Many millennials are approaching an age where things like retirement and Digital Estate planning become crucial. Planning for death/incapacity at such a young age may seem strange, but it has its benefits. Millennials have not only physical assets but also have valuable Digital Assets. The uncertainty of life makes it essential to prepare for some things before the “right time.” Remember, it is never too early or late to make a solid Digital Estate Plan.
Why is it necessary to create a Digital Estate Plan? The answer is that technology has come a long way. Digital Assets are just as valuable as physical or tangible assets. Even something as small as an Instagram page holds sentimental value to the account holder as well as their loved ones. In the recent past, some social media organizations have introduced Digital Legacy Policies but they are of limited benefits. Hence, it is always recommended to make arrangements for all your Digital Assets so that you can let your loved ones handle them the way you want them to, once you’re gone.
This article is the ultimate guide for millennials to understand the process of Digital Estate planning.
What is a Digital Estate Plan, and How Will It Benefit?
A Digital Estate Plan ensures that all your Digital Assets remain safeguarded after your demise. It can benefit you in several ways, like:
- Effective and quick transfer of your Digital Assets to trusted beneficiaries.
- The luxury of choosing a Digital Executor.
- Authority to run/memorialize/close the Digital Assets.
- Preventing familial dispute over rights to your Digital Assets.
- Your accounts and other Digital Assets will never get misused due to the Digital Estate Plan.
How to prepare a Digital Estate Plan
● List Your Digital Assets.
Can you remember the first time you used the internet to create an account online? Do you have a record of all your passwords and inactive but existent profiles? If you answered affirmatively to the above questions, you are in luck.
The first step while creating a Digital Estate Plan is to make your Digital Asset inventory. To get an idea of what to include in this inventory, here are a few crucial factors:
- Social Media Accounts
- Cloud storage drives
- Any device used for accessing the Digital Assets
● Allow Access To Your Digital Assets.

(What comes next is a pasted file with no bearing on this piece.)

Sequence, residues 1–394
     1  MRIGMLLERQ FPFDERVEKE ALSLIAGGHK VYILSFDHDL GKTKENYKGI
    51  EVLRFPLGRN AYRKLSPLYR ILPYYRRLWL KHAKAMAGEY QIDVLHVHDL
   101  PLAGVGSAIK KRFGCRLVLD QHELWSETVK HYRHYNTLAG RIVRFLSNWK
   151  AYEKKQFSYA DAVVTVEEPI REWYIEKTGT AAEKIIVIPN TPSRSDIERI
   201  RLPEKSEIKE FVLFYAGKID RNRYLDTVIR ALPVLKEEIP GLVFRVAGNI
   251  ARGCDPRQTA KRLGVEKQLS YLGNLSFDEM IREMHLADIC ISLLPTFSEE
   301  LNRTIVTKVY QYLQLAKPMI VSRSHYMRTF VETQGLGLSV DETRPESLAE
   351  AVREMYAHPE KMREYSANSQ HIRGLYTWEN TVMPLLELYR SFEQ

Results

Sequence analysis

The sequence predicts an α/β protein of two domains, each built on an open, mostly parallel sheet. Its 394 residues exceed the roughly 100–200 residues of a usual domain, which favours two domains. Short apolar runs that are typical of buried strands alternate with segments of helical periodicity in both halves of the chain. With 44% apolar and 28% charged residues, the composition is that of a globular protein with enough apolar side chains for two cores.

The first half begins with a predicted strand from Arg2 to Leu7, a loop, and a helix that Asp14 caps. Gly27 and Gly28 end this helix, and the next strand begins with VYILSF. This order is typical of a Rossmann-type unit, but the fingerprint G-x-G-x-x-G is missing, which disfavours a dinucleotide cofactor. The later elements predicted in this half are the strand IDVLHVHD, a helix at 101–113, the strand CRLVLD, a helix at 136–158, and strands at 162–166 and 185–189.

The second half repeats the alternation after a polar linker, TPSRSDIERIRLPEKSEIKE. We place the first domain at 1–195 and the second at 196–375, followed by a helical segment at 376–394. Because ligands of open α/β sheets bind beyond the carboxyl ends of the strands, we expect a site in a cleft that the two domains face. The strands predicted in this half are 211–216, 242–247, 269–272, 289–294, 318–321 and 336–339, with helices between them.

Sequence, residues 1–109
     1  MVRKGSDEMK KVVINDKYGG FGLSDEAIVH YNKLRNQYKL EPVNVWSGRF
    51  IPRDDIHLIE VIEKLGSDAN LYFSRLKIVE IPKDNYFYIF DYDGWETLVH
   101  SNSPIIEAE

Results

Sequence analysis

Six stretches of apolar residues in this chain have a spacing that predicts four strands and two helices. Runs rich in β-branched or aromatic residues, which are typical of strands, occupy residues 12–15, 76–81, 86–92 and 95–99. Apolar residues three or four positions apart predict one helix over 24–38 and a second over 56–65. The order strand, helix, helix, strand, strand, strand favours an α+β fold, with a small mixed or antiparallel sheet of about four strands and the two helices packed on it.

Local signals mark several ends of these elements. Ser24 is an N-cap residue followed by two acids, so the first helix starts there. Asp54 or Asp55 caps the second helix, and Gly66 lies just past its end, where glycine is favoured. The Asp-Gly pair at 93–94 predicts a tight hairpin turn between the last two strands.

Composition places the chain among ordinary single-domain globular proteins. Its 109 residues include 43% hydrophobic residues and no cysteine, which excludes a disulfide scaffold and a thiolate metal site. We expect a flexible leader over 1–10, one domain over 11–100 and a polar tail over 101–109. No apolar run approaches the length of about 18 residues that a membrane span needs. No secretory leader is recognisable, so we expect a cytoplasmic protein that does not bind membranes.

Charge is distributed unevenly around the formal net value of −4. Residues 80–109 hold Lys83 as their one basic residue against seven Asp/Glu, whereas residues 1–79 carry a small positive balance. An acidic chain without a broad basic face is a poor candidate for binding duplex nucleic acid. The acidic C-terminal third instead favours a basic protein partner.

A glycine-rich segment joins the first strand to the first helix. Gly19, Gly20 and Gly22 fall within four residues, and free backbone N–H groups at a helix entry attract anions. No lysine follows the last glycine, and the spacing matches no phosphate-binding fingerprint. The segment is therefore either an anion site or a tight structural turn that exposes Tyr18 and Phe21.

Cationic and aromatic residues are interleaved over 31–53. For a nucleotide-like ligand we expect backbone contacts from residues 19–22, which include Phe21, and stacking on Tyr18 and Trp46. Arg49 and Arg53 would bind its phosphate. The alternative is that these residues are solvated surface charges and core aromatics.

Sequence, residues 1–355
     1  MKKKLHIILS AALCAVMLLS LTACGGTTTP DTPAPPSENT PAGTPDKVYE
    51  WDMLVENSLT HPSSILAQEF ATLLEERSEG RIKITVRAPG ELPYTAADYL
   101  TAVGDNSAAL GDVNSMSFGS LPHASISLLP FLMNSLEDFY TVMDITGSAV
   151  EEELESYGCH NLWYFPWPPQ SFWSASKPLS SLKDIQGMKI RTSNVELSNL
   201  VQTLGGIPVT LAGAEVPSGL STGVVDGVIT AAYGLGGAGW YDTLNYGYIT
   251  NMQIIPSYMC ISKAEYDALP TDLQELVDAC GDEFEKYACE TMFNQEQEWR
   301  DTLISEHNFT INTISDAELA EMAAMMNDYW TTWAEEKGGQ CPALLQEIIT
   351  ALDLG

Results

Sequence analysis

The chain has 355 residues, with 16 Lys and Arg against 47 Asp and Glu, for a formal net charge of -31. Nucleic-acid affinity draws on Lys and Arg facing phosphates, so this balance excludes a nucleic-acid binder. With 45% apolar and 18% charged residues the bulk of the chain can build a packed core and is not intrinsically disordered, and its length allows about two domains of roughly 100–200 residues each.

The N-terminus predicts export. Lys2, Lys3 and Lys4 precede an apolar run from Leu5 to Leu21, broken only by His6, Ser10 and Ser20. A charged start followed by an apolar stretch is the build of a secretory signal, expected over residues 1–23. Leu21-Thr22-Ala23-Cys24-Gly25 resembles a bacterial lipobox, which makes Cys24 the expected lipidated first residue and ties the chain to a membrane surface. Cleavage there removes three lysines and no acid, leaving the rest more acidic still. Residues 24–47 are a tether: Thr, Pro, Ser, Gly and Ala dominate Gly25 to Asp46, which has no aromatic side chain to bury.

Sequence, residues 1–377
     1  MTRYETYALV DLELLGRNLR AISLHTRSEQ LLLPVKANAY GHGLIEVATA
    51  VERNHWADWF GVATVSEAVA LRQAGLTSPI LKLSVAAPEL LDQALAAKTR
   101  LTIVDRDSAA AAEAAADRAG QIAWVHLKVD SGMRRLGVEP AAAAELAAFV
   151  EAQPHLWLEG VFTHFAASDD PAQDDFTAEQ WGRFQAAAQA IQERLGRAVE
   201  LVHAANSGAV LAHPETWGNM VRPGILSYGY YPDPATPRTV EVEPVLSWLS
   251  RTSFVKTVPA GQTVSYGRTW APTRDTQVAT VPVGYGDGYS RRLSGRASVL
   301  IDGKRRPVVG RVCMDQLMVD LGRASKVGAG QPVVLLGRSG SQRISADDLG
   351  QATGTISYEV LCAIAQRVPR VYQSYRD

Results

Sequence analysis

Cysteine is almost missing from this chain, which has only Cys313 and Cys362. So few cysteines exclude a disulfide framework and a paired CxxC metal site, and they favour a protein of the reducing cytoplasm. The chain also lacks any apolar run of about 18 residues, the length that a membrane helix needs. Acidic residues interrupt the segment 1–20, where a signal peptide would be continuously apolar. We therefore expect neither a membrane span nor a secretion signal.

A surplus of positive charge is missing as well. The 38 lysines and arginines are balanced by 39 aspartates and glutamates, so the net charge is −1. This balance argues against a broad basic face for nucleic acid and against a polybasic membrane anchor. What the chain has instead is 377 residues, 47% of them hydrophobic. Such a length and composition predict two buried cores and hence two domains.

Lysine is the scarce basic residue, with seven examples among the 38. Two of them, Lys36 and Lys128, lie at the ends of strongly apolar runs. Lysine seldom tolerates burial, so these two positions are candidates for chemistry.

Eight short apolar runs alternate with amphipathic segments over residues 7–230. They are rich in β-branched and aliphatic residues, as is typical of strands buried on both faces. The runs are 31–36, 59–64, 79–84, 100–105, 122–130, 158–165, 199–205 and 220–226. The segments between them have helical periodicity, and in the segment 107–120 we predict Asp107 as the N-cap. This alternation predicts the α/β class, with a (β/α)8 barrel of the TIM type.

After you make a list of your Digital Assets, allow access to them. Some of these assets, such as social media accounts, hold sentimental value to your near and dear ones. Facebook and Instagram allow people to appoint Legacy Contact; a Legacy Contact is a person that can manage your account after your demise.
Similarly, Google has an Inactive Account Manager option, where you can select up to ten people to download your data before Google deletes the account. If some of your Digital Assets lack such post-demise management provisions, appoint a trustworthy person as your Digital Executor.
You might be interested in reading:
How to memorialize a Facebook Account?
How to memorialize an Instagram Account?
How to set up Google’s Inactive Account Manager
● Appoint A Digital Executor
A Digital Executor is a person who handles your Digital Assets after your demise or incapacity. As a Millennial, you might want your social media profiles to be handled by your close friend while your payment accounts can be handled by your family members. In brief, you can choose a specific Digital Executor for certain accounts or, choose one Digital Executor for all your online accounts.
Legalize The Digital Estate Plan.
It is always better to get your Digital Estate Plan signed by an attorney. RUFADAA might come into the picture if you are a citizen of the US. However, the final decision of who must handle your Digital Assets will be court-decided. To avoid this complication, it is always beneficial to state your wishes in writing and talk to your attorney about making your plans legal.
Some Digital Assets hold monetary value while some, sentimental value. Clocr provides Digital Estate Solutions for all age groups. Sign up with Clocr today and get all the help you need in creating your Digital Estate Plan.
Today, most people use some form of digital banking apps or websites. Even something insignificant like checking your bank balance comes under your Digital Assets. Think about everything you own in a digital form to get a count of your assets. Credit cards, digital wallets, saving accounts, coupons all make your Online Banking Assets. Managing your digital banking assets is among the most crucial steps of the Digital Estate planning process. Think about it, if something were to happen to you, who would look after those online accounts?